Day Twenty-Four: Most Precious Childhood Possession

I was always a nerd in school. I made straight A’s. I finished tests first. I studied and I really cared. One year in elementary school in Tampa, my teacher decided to give gifts to the students in the class that had the best test grades.  I got to go first. One by one we got to reach into a shoebox filled with trinkets and select a gift. I looked into the box and saw it. It was the most glorious thing I had ever seen.  It was a Megalodon shark tooth.  One giant tooth bigger than my 7 year old hand and I went back to my desk, my heart beating fast in excitement.  I couldn’t wait to show my parents. We went to the beach, that was only a mile from our house, every few days and walked the shoreline picking up shark teeth and fossils, analyzing what we’d found.  This was a great white tooth. This was a tiger shark tooth. This was a molar from a wooly mammoth.  Hours, days, weeks, and years we walked that beach looking for things and I had just gotten the Holy Grail.

I kept it in my room for years in Tampa, as we moved to Alabama, but when I moved out of the house I didn’t know what had happened to it.  A few years ago I was talking to my dad about all of the shells and teeth we had collected all of those years ago and asked him what had happened to them.  Then I brought up the Megalodon tooth.  He had it. He knew where it was.  A few minutes later, he carried a triple ply plastic grocery bag full of shells, and fossils, and teeth out on the dining table and I searched through it.   There, at the bottom of the bag, was the tooth. I laughed at how it looked so much smaller now that I was an adult, but fell in love again, felt that excitement I felt the first time I saw it and knew I’d keep it forever.



Aunt Eileen and Aunt Mary Katherine made things, mostly elaborate Christmas decorations, art from firmly detailed directions, and the only peanut butter fudge I’ve ever loved. But, it was the precious night capped mice sleeping in a sardine can that tickled my soul. I’ve always had a bit of an affinity for little things tucked into uncommon places, animals personified, food containers repurposed and given new magical life. Once, I crafted grape sized pottery from a deconstructed lint remover, then buried them in the yard hoping archeologists would one day think they’d discovered a lost miniature society. Always giving it away or exploring the ephemeral. On several occasions I created private performances (what I did not know at the time was probably performance art) from albums that magically found their way into my life like, Bat out of Hell & Sgt. Pepper. There were thousands of sandcastles, mud pies, and doodles for nobody, but I sure would like that little mouse bed, now. An incontrollable expression of strange decorated my solitude, and somehow, those palm sized mice tucked into a bed made of tin, felt, and found things embodied a tiny thing extra special in me.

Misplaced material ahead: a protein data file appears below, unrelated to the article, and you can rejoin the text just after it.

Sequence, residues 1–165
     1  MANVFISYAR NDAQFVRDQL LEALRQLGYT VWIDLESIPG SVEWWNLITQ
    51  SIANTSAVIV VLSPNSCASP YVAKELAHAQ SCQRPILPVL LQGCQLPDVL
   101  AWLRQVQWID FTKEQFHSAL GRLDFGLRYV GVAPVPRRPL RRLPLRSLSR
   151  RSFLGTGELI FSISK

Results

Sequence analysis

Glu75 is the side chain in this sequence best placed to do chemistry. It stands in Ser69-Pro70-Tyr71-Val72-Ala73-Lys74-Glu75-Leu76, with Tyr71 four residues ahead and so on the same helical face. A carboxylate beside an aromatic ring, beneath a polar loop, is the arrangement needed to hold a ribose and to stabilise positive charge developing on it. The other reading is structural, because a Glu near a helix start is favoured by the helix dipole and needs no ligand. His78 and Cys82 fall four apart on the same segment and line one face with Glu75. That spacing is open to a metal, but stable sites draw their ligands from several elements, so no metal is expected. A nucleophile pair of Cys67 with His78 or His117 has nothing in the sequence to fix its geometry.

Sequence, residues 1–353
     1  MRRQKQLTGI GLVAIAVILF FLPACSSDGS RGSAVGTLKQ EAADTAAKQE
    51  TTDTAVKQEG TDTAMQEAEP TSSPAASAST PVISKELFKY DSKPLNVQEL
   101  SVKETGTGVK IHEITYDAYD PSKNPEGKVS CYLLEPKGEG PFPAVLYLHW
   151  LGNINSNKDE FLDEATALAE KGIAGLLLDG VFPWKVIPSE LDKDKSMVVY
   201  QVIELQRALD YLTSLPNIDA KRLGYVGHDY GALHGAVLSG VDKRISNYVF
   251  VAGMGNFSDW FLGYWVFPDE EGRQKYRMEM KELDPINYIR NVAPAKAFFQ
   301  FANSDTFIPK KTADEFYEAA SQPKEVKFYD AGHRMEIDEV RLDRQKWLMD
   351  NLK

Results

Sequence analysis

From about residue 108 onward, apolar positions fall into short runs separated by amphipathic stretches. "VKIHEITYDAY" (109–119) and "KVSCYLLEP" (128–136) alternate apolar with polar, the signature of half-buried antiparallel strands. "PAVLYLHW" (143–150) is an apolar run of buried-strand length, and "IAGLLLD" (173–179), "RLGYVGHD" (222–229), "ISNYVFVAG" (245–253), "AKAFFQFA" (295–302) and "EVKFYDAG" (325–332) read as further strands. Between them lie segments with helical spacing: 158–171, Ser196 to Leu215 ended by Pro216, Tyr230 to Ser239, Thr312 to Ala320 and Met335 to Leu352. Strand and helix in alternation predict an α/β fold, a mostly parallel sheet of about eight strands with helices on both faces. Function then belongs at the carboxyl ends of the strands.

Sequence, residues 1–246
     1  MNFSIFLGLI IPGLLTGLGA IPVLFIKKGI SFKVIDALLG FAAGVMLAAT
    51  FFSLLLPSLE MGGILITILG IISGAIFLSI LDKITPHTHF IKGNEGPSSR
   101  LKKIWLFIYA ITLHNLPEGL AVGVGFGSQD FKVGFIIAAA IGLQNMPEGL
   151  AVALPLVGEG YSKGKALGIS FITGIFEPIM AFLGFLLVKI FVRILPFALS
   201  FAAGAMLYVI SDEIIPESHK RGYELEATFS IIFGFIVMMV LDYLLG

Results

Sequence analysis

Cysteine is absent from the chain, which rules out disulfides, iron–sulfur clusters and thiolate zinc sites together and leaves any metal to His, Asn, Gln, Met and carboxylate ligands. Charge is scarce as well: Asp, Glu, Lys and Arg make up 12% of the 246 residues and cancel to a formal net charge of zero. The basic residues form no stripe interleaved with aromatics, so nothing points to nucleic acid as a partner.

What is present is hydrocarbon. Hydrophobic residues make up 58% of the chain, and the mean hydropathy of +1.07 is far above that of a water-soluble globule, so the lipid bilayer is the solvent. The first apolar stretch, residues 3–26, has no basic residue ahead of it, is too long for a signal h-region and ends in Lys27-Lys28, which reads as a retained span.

I was not particularly attached to things as a child.  I loved my Beatles albums, record player, and transistor radio.  The love and appreciation of music trumped everything else.  Not many things survived my childhood, but that did.  I grew up loving all genres of music.  I was a loner and stayed in my room listening to music and reading books.  We were poor, and material things were not available to us.  I look around my house now, full of THINGS, so different from how I grew up, and I realize that things were just not part of our lives.  We had basic toys, like dolls, bikes, and games, but nothing out of the ordinary.  We survived without all the extras just fine.  In fact, I didn’t know what I was missing until I reached adulthood and started listening to everyone else’s stories.

My sister and I were loved.  Our parents were not perfect, by far, but they loved and protected us.  All of our needs were met.  We had clothes, food, a warm home, and minimal life experiences.  Our parents came from very poor and uneducated backgrounds, and they did the best they could by us.  There were no frills, but we survived that.  They weren’t fluff parents, but we had the basics  We weren’t lacking for anything.

We had a large extended family who loved us very much.  We spent a lot of time with them, and experienced security and acceptance by them as well.  They gave us quality time, and lots of it..  We were all poor, but we were sheltered and protected by our family members. I have very fond memories of all of them, which I wouldn’t trade for the world.,

I can’t say I had anything of great value in tangible belongings,, but I grew up knowing I was loved and safe in a protected environment.

Love is still my most precious possession.  I have love to give, and I am open to receiving love.


{featured image:  a day in the life}

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